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“Disruption redefined” – why business is ready for the CDO

This article was originally posted on 12 June 2013.

This article introduces the idea of the CDO or Chief Disruption Officer.  The rationale is that boards and executive teams increasingly need someone specifically tasked with disturbing the status quo and responding to the call to “disrupt or be disrupted”.

While there’s no doubt organisations need to find a way of keeping disruption squarely on the leadership team’s agenda, I’m not sure that this is the best way to do it other than in a limited range of circumstances.

Experience with similar issues such as innovation and transformation shows that once responsibility for something so fundamental is loaded onto the shoulders of a single person you often find other members of the leadership team assuming it’s not their role and behaving accordingly.  The result is often isolation of the person holding the role, dysfunction and a lack of any real progress.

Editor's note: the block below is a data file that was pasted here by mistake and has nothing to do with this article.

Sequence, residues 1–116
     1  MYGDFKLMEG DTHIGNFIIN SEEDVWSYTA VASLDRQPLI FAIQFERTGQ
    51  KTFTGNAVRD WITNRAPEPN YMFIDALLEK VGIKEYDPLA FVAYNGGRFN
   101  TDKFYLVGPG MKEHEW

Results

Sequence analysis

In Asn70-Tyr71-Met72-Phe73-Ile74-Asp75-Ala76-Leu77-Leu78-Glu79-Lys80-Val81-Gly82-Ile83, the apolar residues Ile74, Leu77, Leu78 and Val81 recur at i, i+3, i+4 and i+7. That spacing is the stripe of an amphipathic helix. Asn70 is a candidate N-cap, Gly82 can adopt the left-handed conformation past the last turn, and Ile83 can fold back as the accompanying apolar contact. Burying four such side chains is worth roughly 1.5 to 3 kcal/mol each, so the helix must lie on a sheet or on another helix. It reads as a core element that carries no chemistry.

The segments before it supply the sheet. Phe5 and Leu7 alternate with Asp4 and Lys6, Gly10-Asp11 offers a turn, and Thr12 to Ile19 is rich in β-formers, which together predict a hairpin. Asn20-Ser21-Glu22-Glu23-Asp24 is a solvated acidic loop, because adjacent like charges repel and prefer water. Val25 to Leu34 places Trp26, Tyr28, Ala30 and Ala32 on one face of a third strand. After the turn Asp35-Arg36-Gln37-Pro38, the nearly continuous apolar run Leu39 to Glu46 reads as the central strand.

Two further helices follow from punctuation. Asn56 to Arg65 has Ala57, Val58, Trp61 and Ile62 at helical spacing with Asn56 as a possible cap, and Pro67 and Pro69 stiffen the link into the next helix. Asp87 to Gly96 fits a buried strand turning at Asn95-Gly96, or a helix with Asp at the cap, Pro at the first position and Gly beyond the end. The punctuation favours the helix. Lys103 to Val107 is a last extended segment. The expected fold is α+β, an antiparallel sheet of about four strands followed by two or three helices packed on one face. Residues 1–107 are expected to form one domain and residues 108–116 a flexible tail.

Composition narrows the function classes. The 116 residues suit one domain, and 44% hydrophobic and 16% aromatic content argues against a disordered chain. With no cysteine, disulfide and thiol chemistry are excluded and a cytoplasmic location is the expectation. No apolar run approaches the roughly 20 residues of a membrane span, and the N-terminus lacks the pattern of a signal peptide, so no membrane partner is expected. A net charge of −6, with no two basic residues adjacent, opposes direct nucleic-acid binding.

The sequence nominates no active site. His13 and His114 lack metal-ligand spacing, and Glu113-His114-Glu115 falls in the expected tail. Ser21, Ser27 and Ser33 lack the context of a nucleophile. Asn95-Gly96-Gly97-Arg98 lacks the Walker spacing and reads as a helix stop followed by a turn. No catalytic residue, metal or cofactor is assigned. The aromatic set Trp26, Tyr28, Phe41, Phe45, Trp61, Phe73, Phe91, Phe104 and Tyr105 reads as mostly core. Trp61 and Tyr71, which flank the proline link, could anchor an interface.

While I think there’s a case for naming a member of the executive or board as “disruption champion” or even “CDO” my view is that it’s absolutely essential that accountability be shared right across the team.  The issues and risks are too profound not to be owned by the CEO, Chairman and everyone on the exec team and board.

I suspect that in the months and years ahead, lots of organisations will appoint CDOs and assume they’ve dealt with the challenge of disruption – tick that off the list and move on to the next item.  There are real dangers in doing that.  Disruption is a big deal and it needs a much more thoughtful and considered response in terms of both accountability and action.  It’s great to have disruption on the executive agenda but appointing a CDO as a quick fix is not the way to go.

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